State pols pushing for Sandy tax break

A bi-partisan group of state legislators from Brooklyn is pushing Governor Andrew Cuomo to waive car registration fees and sales taxes for Hurricane Sandy victims who had to buy new cars after their vehicles were destroyed in the Oct. 29 super-storm.

Assembly members Nicole Malliotakis (R-C-Bay Ridge-Staten Island), William Colton (D-Bensonhurst-Gravesend) and Alec Brook-Krasny (D-Bay Ridge-Coney Island) held a press conference on Jan. 29, where they called on the governor to not only waive the fees and taxes but to offer rebates on sales tax the victims already paid to buy new cars.

The group is calling for sales tax up to $1,000 per person to be waived by the state.

"The victims of Hurricane Sandy have been left in personal and financial ruin.  We must do all we can to ease the long rebuilding process," Malliotakis said. "By eliminating registration fees and up to $1,000 worth of state sales tax for vehicle purchasers whose car was destroyed by the storm, we are extending a helping hand to those who need it most."

Giving a helping hand isn’t the only reason victims should get a break, according to Malliotakis, who said it’s also good business. “We are creating incentives for consumers to shop in-state, helping dealerships that were also impacted by the storm and avoiding any state budget shortfalls as this revenue could not have been anticipated prior to the storm. Helping our neighbors rebuild is the right thing to do, and this measure will ease the crushing burden that so many of our families are feeling," she said.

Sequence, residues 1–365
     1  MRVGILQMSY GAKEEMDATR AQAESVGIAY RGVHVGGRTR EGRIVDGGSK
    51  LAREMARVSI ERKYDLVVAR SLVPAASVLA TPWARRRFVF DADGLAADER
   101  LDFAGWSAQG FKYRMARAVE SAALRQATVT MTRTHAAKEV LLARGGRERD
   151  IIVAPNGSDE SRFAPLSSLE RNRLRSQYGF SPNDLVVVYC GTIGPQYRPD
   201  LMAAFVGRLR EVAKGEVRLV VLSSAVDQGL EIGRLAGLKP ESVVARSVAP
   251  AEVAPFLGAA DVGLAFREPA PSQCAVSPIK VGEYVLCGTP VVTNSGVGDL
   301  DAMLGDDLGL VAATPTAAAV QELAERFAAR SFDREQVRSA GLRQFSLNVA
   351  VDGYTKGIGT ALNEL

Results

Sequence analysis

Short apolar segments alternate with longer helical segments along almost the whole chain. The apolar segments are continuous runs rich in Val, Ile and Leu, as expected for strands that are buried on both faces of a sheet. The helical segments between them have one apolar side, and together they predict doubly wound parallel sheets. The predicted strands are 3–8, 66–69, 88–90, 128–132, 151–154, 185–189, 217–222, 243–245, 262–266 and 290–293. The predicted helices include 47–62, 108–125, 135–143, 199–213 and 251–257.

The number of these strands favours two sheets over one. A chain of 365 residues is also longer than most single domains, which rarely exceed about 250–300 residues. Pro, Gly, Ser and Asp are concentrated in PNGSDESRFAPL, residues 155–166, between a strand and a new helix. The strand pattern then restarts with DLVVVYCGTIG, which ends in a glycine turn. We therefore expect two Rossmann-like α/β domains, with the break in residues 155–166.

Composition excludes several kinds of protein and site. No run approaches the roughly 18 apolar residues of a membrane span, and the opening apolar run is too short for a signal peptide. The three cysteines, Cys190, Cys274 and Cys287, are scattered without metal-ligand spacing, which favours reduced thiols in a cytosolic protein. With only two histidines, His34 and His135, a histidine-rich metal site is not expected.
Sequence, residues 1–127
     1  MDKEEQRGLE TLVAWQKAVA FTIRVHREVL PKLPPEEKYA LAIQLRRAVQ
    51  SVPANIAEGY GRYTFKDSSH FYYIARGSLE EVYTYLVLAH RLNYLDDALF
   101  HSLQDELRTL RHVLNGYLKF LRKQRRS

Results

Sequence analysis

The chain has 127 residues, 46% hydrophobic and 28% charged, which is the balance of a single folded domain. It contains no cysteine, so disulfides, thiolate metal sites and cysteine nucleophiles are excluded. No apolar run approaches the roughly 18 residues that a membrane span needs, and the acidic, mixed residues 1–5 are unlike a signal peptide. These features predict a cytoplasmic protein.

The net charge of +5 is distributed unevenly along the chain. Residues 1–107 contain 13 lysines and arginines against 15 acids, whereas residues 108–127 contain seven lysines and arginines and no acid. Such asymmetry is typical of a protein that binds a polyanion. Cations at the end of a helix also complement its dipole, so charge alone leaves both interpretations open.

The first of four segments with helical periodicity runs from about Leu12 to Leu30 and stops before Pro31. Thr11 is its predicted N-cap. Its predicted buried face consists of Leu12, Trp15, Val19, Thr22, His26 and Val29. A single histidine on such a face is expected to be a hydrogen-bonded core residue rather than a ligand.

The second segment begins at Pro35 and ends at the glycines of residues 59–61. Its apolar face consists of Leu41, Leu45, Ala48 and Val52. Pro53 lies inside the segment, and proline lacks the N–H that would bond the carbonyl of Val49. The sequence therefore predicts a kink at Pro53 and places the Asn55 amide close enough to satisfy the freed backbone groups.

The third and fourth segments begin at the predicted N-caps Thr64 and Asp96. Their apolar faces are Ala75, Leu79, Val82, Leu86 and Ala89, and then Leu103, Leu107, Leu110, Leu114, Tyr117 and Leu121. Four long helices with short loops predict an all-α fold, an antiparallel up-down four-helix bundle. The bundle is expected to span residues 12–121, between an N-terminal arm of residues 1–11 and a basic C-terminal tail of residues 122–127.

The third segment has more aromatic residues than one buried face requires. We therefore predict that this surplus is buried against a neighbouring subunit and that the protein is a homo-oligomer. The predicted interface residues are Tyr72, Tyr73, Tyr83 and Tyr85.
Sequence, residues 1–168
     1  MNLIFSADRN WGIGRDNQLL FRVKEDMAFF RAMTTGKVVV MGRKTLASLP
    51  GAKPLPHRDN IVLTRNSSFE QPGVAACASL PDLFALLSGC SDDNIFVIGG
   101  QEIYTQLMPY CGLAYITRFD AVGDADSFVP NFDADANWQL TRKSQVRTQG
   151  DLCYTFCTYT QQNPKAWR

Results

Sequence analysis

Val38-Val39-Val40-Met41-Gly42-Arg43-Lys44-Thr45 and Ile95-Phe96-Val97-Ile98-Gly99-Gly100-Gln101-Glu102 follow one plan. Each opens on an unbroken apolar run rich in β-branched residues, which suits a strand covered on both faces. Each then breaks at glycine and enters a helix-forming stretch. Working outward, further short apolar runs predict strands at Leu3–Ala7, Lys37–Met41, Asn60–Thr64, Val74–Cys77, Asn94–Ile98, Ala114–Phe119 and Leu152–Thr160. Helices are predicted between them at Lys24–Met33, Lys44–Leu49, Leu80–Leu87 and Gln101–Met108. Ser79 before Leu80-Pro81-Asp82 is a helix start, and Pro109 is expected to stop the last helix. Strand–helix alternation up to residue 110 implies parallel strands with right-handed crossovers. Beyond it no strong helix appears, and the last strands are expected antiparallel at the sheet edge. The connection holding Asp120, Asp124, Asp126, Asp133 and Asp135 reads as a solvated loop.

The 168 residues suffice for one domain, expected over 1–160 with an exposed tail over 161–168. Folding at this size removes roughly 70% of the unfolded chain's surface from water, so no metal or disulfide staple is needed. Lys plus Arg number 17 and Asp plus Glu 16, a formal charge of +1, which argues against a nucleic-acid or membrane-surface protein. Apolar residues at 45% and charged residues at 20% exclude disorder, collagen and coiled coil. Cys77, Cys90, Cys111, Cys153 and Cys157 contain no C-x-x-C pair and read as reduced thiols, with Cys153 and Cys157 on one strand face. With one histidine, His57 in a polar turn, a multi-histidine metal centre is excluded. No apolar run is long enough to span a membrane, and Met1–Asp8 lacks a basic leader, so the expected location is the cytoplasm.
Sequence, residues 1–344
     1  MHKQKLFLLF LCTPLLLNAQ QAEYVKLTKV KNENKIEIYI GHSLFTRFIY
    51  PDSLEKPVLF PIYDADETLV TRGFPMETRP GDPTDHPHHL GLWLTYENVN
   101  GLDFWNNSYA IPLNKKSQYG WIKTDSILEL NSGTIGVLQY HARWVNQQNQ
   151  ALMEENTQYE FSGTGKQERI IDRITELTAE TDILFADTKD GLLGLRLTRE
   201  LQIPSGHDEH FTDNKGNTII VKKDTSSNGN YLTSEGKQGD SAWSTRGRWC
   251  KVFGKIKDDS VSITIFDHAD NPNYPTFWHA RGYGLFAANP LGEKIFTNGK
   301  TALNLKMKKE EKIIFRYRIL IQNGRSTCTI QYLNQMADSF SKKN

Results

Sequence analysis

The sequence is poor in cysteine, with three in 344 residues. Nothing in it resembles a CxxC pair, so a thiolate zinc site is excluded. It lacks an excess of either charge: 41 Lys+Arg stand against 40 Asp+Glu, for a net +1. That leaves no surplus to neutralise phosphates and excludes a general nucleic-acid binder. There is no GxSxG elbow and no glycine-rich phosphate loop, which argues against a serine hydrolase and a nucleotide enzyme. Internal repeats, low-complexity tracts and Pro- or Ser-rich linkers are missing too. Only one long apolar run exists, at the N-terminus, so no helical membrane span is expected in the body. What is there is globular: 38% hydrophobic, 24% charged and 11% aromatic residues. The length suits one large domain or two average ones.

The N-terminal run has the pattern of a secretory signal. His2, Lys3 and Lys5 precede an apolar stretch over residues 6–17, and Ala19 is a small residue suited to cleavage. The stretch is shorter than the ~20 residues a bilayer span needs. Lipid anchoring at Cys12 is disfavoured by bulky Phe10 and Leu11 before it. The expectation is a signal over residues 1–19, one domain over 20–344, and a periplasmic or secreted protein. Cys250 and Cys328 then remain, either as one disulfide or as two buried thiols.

Assembly members Michael Cusick (D-Staten Island), Matthew Titone (D-Staten Island), Joseph Saladino (R-Massapequa) and Brian Curran (R-Valley Stream) also attended the press conference and said they support the effort to give Hurricane Sandy victims a tax break.

In other news on the hurricane, U.S. Rep. Michael Grimm (R-C-Bay Ridge-Staten Island) said he was pleased that the U.S. Senate approved the $50.5 billion Sandy relief package on Jan. 28. The House had passed the measure on Jan. 15. The Huffington Post reported that the senate vote was 62-36.

“Tonight the Sandy relief bill has cleared its final hurdle,” said Grimm, who spoke shortly after the vote took place. “Relief is now in sight for so many in Staten Island and Brooklyn who have waited far too long for this assistance. Once this bill becomes law, we will have more funding to continue helping our  homeowners and small business owners get back on their feet, begin repairing New York City’s devastated infrastructure, and give the Army Corps of Engineers the resources it needs to begin fortifying our shoreline,” he said.

“So many of us have fought hard in Washington to move this bill forward, and today I applaud the efforts of senators Schumer and Gillibrand to push this bill through the senate and onto the president’s desk,” Grimm said.

The legislation will help the city rebuild in a variety of ways, according to Grimm. It will help homeowners and business owners fill in gaps left by FEMA and uninsured losses – giving them funding to help with repairs and mitigation. It will allow New York City to begin rebuilding large-scale projects, such as the Whitehall subway station in lower Manhattan that would have remained closed indefinitely without federal aid to cover the $600 million cost of repairs, Grimm said.  

The funding will also help rebuild the Manhattan Veterans Administration Hospital, as well as Coney Island Hospital. The latter has over 300,000 outpatient visits a year and has over 2,300 employees. Coney Island Hospital suffered severe damage to its mechanical systems, and cannot make repairs to critical infrastructure, including its electric, medical, and gas systems, without federal aid, Grimm said.